Prostate cancer is one of the most common types of cancer in men. Choline is an essential component of cell membrane phospholipids and is metabolized and internalized into cells by choline kinase, an enzyme that is overexpressed in certain tumors, such as prostate cancer. Two choline tracers are available for clinical use, which are labeled either with 11C-choline or with 18F-choline. These choline PET tracers that target cell membrane metabolism have influenced prostate cancer imaging, particularly in biochemical relapse, and are therefore FDA approved for use in patients with recurrent disease. However, the uptake system for choline and the functional expression of choline transporters in prostate cancer are not totally understood.
We examined [3H]choline uptake in the prostate cancer cell line LNCaP, which depends on androgen. Cells were cultured in RPMI 1640 medium supplemented with 10 % fetal bovine serum and grown at 37 °C in 5% CO2. The CellTiter-Glo Luminescent Cell Viability Assay is a homogeneous method of determining the number of viable cells. The Caspase-Glo 3/7 assay reagent was used for caspase detection in treated cells.
[3H]Choline uptake is mediated by a single Na+-independent and intermediate-affinity transport system. Choline transporter-like protein 1 (CTL1) and CTL2 mRNA are highly expressed. CTL1 and CTL2 immunoreactivity were recognized in the plasma membrane and intracellular compartments, respectively. The anticancer drugs, flutamide, and bicalutamide inhibited cell viability and [3H]choline uptake in a concentration-dependent manner. The correlations between the effect of both anticancer drugs for cell viability and [3H]choline uptake were significant. The caspase-3/7 activity significantly increased by flutamide and bicalutamide. Furthermore, both flutamide and bicalutamide decreased the expression level of CTL1 in LNCaP cells.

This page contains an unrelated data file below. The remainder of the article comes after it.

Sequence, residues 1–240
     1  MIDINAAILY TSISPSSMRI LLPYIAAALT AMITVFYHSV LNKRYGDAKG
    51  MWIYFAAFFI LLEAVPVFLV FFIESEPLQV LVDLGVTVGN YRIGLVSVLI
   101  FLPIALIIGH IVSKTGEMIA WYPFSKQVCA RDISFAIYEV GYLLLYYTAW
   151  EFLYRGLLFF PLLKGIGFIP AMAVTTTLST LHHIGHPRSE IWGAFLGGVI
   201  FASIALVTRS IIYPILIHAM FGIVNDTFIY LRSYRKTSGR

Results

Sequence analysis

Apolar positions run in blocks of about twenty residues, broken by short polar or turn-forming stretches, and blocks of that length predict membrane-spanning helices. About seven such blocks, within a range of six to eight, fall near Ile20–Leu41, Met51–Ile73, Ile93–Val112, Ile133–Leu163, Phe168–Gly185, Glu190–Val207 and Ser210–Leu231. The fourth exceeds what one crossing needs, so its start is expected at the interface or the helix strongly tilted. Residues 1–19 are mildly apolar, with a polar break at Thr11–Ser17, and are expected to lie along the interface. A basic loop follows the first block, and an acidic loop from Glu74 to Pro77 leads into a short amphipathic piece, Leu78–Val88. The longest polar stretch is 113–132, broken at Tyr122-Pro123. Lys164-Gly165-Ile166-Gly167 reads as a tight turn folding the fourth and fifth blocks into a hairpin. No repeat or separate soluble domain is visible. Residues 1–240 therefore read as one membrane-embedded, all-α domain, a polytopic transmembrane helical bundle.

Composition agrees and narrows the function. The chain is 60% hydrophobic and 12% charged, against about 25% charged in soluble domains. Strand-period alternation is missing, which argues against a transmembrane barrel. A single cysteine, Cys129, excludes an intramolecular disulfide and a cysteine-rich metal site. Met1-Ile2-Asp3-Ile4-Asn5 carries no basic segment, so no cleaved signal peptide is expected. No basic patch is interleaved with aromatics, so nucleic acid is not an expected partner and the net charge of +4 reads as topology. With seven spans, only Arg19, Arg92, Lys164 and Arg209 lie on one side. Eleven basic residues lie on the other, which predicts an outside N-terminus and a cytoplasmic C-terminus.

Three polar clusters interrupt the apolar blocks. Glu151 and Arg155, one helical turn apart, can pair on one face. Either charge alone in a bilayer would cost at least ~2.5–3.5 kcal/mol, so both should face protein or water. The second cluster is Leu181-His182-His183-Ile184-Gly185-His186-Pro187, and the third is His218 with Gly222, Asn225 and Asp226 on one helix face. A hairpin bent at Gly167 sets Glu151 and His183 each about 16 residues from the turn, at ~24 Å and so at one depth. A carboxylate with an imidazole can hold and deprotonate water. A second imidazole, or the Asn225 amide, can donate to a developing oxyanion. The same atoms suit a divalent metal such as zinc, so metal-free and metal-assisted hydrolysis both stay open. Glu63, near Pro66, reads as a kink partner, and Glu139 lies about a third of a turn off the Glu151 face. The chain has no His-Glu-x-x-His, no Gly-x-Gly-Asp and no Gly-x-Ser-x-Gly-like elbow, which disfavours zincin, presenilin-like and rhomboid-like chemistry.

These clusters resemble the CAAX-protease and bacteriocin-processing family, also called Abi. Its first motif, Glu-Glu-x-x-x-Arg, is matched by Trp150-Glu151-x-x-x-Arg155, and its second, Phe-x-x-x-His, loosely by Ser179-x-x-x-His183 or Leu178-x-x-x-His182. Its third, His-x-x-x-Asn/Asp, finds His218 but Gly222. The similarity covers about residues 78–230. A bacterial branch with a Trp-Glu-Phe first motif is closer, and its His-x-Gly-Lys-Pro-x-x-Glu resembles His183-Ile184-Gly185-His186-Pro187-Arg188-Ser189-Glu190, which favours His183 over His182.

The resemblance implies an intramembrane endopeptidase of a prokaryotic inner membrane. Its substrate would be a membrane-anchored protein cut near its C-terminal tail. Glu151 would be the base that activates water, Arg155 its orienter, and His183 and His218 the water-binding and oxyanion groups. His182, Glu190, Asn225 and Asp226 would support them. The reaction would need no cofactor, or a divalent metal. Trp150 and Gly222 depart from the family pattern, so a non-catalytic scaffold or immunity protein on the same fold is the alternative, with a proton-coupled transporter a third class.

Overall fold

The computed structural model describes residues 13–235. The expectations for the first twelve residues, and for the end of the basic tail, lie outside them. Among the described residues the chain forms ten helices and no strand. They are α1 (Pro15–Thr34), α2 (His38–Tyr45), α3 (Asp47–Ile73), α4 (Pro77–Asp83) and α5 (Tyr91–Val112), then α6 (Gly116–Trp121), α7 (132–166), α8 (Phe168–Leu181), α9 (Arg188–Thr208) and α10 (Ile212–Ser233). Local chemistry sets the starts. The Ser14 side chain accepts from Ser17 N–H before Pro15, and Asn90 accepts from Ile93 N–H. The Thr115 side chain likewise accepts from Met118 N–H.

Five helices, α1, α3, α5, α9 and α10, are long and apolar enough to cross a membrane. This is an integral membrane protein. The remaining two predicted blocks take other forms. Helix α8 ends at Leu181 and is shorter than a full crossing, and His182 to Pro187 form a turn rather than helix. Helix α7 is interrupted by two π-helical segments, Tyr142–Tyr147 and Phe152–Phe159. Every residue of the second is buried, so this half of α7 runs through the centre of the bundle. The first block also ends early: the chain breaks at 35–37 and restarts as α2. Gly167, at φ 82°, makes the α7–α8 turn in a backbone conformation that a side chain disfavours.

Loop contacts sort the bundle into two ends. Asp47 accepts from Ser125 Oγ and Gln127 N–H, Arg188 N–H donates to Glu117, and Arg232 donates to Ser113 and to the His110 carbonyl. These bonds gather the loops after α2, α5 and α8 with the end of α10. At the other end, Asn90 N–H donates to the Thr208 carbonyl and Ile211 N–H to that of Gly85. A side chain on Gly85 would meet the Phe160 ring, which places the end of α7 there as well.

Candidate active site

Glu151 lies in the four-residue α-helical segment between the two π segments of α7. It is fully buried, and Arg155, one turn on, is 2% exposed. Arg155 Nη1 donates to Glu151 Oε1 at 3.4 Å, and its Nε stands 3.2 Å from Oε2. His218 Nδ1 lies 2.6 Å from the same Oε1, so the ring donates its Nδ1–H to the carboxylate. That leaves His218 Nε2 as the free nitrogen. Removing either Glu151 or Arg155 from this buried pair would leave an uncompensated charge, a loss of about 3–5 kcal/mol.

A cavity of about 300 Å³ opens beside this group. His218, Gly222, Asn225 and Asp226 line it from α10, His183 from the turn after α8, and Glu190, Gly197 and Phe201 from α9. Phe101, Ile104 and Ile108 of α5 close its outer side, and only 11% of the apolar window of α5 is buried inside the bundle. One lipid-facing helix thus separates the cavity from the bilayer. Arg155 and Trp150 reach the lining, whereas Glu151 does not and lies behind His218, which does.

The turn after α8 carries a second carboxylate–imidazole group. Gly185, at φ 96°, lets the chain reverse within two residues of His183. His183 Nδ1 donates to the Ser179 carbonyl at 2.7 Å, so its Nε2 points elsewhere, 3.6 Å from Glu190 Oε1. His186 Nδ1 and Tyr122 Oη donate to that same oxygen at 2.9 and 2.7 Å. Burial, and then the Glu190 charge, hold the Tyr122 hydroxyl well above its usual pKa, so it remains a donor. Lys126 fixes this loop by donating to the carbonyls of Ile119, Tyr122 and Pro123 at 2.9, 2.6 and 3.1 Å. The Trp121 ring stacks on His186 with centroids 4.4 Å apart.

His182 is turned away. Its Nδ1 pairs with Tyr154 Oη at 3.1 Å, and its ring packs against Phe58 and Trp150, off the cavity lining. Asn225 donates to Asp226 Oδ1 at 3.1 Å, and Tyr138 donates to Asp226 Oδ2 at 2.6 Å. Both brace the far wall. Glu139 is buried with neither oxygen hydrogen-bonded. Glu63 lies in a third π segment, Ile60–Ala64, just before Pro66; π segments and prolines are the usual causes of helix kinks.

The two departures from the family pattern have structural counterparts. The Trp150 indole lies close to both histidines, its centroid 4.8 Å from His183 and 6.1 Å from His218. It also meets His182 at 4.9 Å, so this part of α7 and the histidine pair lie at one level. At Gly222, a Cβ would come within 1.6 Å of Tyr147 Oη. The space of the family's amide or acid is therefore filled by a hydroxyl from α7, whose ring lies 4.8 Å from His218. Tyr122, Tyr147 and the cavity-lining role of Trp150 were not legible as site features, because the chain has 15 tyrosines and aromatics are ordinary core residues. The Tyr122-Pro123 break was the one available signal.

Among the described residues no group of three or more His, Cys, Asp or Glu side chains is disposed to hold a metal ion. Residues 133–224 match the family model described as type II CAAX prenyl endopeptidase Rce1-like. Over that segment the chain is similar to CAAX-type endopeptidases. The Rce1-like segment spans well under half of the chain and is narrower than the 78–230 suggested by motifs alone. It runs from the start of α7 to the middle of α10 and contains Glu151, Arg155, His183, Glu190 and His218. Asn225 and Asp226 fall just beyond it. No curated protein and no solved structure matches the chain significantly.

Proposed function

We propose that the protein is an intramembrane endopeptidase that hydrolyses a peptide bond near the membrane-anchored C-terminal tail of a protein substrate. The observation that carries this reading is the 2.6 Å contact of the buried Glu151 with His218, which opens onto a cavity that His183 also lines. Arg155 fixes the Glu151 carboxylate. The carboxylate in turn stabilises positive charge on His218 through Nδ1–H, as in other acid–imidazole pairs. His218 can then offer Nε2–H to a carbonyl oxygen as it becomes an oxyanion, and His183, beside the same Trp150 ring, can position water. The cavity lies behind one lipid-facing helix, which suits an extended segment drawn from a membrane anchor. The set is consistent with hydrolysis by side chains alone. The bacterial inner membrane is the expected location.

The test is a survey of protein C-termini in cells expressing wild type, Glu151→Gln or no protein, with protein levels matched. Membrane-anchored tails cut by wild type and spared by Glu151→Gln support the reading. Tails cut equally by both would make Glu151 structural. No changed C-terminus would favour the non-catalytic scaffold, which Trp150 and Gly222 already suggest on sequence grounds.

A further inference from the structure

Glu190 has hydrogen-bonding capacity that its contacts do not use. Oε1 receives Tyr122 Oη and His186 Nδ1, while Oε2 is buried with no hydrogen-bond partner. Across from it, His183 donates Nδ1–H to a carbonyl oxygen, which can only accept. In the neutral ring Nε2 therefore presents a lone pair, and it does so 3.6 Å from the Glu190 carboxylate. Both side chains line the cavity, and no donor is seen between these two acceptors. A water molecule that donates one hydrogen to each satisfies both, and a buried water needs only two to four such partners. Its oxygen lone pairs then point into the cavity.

These results suggest that CTL1 are functionally expressed in prostate cancer cells and are also involved in abnormal proliferation. Identification of this CTL1-mediated choline transport system provides a potential new target for prostate cancer therapy.
Tokyo Medical University.
Has not received any funding.
All authors have declared no conflicts of interest.